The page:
I'm Starved for You by Margaret Atwood
(Kindle Single) (Positron)

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...Atwood cuts no corners in gesturing toward our need to be wary of those who would build more prisons, and those who believe that imprisonment is salubrious, or even a solution.
-Globe and Mail

Synopsis

In this first installment of the saucy and sinister new Byliner Serial, “Positron,” Margaret Atwood takes readers on a thrill ride to the near future, where paranoia reigns but sex has definitely not gone out of style.

“I’m Starved for You” introduces us to the world-weary inhabitants of Consilience. This gated community isn’t your average American town, but in a dystopian society imagined by the visionary, internationally bestselling Atwood (“The Handmaid’s Tale,” “The Year of the Flood”), it may be as close as anyone can hope to get.

Husband and wife Stan and Charmaine are among thousands who have committed to a new social order because the old one is all but broken. Outside the walls of Consilience, more than half the country is out of work, gangs of the drug-addicted and disaffected menace the streets, warlords disrupt the food supply, and overcrowded correctional facilities churn out offenders to make room for more.

The Consilience prison, Positron, is something else altogether. The very heart of the community and its economic engine, it’s a bold experiment in voluntary incarceration. In exchange for a house, food, and what the online brochure hails as “A Meaningful Life,” residents agree to spend every other month as inmates.

Stan and Charmaine have no complaints—until the day Stan discovers a note under the fridge of the house he and Charmaine must share with another couple while they’re back inside Positron. It’s a missive of erotic longing, pressed with a vivid lipstick kiss: “I’m starved for you!” it breathes. If Stan rarely thought about the house’s other residents before—they’ve never met them and don’t know their names; it’s not allowed—now he can’t stop thinking about them, especially the note’s sex-addled author, so unlike his girlish wife, Charmaine. He has to meet her, but in this highly ordered and increasingly surveilled world, disorderly thoughts are a risk, and breaking the rules has dire consequences.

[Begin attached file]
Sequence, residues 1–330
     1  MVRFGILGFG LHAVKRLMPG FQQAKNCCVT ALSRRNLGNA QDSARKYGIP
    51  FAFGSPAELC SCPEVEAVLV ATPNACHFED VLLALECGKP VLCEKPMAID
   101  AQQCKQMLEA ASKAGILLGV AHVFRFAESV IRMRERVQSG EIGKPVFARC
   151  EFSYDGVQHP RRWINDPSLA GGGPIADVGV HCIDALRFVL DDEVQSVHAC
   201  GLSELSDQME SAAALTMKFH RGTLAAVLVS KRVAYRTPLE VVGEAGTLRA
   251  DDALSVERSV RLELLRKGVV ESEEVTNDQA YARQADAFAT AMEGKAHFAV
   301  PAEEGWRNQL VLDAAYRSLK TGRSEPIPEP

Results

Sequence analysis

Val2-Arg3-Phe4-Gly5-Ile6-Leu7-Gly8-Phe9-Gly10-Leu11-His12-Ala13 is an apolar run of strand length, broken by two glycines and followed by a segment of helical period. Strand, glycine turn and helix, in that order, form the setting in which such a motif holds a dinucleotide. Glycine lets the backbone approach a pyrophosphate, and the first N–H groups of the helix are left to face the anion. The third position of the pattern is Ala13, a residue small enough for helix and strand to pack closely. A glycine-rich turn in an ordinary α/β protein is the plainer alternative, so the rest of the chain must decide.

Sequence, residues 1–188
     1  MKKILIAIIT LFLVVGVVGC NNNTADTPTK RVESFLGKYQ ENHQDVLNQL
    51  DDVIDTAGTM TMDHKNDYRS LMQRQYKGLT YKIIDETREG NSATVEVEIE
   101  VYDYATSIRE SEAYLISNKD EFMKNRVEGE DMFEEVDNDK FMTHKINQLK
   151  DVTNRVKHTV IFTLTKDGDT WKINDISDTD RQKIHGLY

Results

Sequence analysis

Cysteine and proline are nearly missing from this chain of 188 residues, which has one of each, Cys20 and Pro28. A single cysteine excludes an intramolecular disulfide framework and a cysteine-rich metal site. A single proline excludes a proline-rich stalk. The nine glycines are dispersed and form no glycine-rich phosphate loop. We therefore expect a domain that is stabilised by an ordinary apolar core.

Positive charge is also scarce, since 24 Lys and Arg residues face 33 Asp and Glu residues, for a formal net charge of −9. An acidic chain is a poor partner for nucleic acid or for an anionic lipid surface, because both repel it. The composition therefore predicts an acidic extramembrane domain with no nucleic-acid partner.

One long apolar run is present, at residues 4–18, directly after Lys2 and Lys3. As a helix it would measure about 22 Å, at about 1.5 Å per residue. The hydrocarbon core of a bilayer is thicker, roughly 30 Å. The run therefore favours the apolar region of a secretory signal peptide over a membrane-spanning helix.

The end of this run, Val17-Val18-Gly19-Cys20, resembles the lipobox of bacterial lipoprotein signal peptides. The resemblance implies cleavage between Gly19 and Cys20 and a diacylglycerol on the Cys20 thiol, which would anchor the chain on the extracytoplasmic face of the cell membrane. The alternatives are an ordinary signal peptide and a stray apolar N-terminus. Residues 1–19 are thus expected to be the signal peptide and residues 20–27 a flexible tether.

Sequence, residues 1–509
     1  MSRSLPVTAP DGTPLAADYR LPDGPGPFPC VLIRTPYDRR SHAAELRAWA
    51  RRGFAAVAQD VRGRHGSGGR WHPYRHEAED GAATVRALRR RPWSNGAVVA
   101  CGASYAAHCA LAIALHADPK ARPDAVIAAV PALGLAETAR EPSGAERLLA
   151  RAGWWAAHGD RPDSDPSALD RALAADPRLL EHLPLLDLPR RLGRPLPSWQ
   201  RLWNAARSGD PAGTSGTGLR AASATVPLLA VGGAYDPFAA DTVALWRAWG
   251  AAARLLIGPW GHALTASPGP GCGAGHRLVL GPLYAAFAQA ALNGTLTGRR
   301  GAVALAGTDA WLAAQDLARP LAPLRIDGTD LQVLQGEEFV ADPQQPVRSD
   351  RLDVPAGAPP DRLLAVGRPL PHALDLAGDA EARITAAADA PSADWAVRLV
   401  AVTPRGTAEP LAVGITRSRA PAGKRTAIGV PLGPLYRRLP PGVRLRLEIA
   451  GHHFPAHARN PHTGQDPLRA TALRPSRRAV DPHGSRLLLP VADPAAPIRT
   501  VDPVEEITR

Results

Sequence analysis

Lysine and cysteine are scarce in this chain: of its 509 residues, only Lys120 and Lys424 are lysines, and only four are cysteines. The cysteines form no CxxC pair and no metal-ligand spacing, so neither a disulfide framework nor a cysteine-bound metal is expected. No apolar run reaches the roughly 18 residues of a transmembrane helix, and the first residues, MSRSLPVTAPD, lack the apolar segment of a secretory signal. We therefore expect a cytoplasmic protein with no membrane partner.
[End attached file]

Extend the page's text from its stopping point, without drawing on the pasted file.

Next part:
About Margaret Atwood

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Born November 18, 1939, in Ottawa, Canada, Margaret Atwood spent her early years in the northern Quebec wilderness. Settling in Toronto in 1946, she continued to spend summers in the northern woods. This experience provided much of the thematic material for her verse. She began her writing career as a poet, short story writer, cartoonist, and reviewer for her high school paper. She received a B.A. from Victoria College, University of Toronto in 1961 and an M.A. from Radcliff College in 1962. Atwood's first book of verse, Double Persephone, was published in 1961 and was awarded the E. J. Pratt Medal. She has published numerous books of poetry, novels, story collections, critical work, juvenile work, and radio and teleplays. Her works include The Journals of Susanna Moodie (1970), Power Politics (1971), Cat's Eye (1986), The Robber Bride (1993), Morning in the Buried House (1995), and Alias Grace (1996). Many of her works focus on women's issues. She has won numerous awards for her poetry and fiction including the Prince of Asturias award for Literature, the Booker Prize, the Governor General's Award in 1966 for The Circle Game and in 1986 for The Handmaid's Tale, which also won the very first Arthur C. Clarke Award in 1987.
 
Published March 7, 2012 by Byliner Inc.. 46 pages
Genres: Romance, Literature & Fiction. Fiction
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Globe and Mail

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Reviewed by ARITHA VAN HERK on Sep 06 2012

...Atwood cuts no corners in gesturing toward our need to be wary of those who would build more prisons, and those who believe that imprisonment is salubrious, or even a solution.

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